This will be a quick introduction to using spreadsheets. Spreadsheets are very useful tools for managing changes, or for displaying information. Graphs can be made to display data graphically, and calculations and repetitive processes can be easily achieved using a spreadsheet.
To start, we will open Google Sheets.
Next we will choose ‘Blank’ to create a new spreadsheet.
Start out simple.
Type ‘Monday’ in cell B1, and ‘Week 1’ in Cell A2 (make sure that you have a space in ‘Week 1’)
Hover over the bottom right hand corner of cell A2 (where the dot is), left click and hold left click down, while you drag the mouse down to A7, and you should get this.
Left click on Cell B1 (with Monday in it) to select that cell.
Hover over the bottom right hand corner (where the dot is), left click and hold left click down, while you drag the mouse to the right to F1.
The weekdays have been automatically added to the cells C1 through F1. Spreadsheets have a number of pre-defined lists, like days of the week and months of the year. Advanced users can create their own special list that recurs a lot, although most users would never need to do that.
Now put some numbers in the cells B1 >> F7, like this.
Now select all cells B2 through F7. This happens by selecting cell B2, and then (when NOT hovering over the corner, just somewhere in the centre of the cell), let click and hold left click while you drag the mouse down an right, until all cells are selected at once.
If we press the $ button above column B, then all columns will be formatted in $.
(You may need to go the word ‘File” then ‘Spreadsheet
settings’ and change the ‘Locale’ to Australia)
Select cell G2 and type ‘=sum(B2:F2)’ into it. Make sure that you start with the equals sign (=) as it is the equals sign that tells the spreadsheet to calculate what is shown. Do not type the single quotes, just type what is between the quotes.
And then press the ‘enter’ (or ‘Return’) key on the keyboard.
Cell G2 now contains a value equal to the sum of the five
cells to the left.
Change C2 (Tuesday, week 1) to $40 and watch what happens to the total in G2
Highlight column A (by left clicking on the ‘A’ at the top
of the column.
Now press the B (bold text formatting) button in the toolbar. The entire column A is now bold font. The bold text formatting button is above the column E in the images shown here.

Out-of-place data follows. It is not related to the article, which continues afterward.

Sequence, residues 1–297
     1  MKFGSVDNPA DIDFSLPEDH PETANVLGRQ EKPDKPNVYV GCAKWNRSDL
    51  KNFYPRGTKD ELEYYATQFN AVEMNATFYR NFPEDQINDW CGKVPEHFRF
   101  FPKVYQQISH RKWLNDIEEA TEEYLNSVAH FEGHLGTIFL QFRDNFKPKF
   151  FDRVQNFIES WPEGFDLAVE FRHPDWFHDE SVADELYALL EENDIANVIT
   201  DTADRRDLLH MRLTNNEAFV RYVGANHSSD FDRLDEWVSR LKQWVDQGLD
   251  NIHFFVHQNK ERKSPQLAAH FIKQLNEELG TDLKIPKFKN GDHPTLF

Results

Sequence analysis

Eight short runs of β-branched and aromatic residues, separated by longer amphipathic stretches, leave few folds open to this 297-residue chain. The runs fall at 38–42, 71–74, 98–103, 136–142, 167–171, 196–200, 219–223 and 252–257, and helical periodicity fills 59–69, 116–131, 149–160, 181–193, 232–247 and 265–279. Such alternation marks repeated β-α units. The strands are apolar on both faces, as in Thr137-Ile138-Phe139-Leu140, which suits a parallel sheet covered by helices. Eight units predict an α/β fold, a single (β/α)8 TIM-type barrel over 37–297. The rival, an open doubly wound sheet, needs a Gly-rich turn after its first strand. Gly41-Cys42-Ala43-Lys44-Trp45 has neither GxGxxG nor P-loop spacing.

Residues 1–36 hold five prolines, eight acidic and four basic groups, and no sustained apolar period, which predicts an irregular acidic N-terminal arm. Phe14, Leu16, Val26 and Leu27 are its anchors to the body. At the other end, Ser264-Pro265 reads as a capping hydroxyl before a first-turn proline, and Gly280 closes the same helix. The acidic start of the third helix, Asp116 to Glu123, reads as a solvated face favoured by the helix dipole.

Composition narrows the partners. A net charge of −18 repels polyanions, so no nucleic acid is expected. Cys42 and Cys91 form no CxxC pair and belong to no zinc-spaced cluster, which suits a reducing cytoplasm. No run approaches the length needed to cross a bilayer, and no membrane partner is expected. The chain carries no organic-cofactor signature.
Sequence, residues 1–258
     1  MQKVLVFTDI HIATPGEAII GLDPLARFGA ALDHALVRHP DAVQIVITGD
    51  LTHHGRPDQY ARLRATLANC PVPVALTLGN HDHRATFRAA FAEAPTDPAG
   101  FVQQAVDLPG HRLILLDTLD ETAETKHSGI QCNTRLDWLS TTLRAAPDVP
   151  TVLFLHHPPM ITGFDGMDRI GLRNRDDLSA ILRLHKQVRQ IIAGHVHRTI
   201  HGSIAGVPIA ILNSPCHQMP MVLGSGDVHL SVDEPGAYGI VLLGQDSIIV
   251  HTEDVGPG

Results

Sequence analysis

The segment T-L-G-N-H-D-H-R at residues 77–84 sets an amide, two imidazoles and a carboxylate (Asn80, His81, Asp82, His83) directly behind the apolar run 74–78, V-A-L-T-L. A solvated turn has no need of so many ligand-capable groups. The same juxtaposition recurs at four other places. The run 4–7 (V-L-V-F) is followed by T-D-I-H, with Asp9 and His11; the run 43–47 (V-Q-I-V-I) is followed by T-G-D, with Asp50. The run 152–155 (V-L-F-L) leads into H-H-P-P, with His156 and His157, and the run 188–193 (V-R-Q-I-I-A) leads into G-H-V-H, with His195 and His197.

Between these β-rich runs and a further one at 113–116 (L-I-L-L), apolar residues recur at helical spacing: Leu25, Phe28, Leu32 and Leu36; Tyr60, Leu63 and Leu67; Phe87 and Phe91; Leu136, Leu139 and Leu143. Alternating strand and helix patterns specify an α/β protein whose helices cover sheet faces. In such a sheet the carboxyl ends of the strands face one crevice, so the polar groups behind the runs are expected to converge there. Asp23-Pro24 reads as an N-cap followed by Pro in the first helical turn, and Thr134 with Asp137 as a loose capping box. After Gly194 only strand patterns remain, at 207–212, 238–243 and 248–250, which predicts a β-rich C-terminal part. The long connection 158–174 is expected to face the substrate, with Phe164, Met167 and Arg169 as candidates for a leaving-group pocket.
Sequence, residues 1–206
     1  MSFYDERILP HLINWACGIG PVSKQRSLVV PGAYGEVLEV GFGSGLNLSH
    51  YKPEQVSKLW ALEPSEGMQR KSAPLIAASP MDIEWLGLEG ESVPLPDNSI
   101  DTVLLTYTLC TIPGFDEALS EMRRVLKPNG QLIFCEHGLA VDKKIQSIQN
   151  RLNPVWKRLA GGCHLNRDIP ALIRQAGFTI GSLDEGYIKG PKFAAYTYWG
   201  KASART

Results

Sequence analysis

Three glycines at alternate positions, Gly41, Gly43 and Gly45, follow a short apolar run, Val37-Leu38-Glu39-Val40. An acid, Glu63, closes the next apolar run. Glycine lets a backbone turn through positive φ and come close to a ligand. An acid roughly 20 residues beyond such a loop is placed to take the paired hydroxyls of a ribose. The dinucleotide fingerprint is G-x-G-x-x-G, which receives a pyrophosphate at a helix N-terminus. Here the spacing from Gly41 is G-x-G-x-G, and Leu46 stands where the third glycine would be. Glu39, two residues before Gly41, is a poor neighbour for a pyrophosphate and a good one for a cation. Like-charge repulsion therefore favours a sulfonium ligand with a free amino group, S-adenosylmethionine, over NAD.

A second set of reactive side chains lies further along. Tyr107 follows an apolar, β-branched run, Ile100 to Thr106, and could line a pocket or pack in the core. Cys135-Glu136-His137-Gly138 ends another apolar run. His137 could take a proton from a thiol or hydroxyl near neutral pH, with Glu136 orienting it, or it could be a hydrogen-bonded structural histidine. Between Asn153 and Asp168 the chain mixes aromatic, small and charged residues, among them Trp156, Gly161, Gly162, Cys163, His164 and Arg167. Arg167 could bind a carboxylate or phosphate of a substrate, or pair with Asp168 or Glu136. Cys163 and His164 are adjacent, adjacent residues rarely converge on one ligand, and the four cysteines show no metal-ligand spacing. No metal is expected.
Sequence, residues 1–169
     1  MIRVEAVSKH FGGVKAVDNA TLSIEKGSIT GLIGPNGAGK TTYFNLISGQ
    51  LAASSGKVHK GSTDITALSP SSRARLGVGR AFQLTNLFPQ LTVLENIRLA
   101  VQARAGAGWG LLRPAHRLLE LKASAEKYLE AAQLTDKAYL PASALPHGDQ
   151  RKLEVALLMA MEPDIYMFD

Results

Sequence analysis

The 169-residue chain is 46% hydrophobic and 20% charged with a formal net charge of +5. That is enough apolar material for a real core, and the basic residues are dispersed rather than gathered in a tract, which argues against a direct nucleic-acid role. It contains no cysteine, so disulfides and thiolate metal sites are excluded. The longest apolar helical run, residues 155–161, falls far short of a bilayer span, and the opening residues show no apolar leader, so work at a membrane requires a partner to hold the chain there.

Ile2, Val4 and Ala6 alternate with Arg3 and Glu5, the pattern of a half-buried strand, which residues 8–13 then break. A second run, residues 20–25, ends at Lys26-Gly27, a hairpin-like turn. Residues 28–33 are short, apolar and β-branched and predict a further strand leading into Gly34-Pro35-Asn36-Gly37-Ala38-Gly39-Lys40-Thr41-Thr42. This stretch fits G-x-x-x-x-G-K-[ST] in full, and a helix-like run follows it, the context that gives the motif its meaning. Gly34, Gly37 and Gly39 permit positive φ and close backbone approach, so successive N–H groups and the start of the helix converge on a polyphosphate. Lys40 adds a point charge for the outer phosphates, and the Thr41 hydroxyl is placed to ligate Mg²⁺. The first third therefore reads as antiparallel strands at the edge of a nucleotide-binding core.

Select cell G2, and drag and drop (using the bottom right hand corner of that cell) down to G7.
Each cell in G3 through G7 now contains a sum of the five
columns to the left.
In G9, we will enter the statement ‘=sum(G2:G7)’ to sum the
six weekly totals above.
Change the value of C5 (Tuesday Week 4) to $125, and both the totals in G5 and G9 will be updated automatically.
Highlight all cells from A1 through G7. (Left click in A1 to
select, left click somewhere on the inside of cell A1, then drag down and right
to G7. Don’t use the bottom right hand corner).
Now select the border button (looks like the Play School square window, above the G column)
Select Cell G9, and use the border button to select top
border and bottom border. (Microsoft Excel also has a single button that has
single top line and double bottom line)
Add the word ‘Total’ to cell G1, use some shading and formatting so that the spreadsheet looks great and is also functional.
To add a new row, select the number 8 in the row header to
highlight the row, right click and select ‘Insert 1 below ‘
Select cell A8, and type ‘Average’
Select cell b8 and type ‘=average(b2:b7)’ and press enter
Drag and drop cell B8 across to cell F8 (use bottom right
Some more formatting
In cell E6 (Thursday, week 5), change the cell contents to ‘=48*2’ and press enter (This is saying, let cell E6 be the product of 48 and 2, or let cell E6 be the value of 48 times 2)
Notice how the Thursday average (E8), the week total (G6) and the overall total (G10), all changed automatically.
In this module we will use spreadsheets to design rosters and
to calculate budgets, staff wages and contractor doctor payments. Spreadsheets
can be used for many purposes when measuring, recording and graphing.
This primer has merely been an introduction to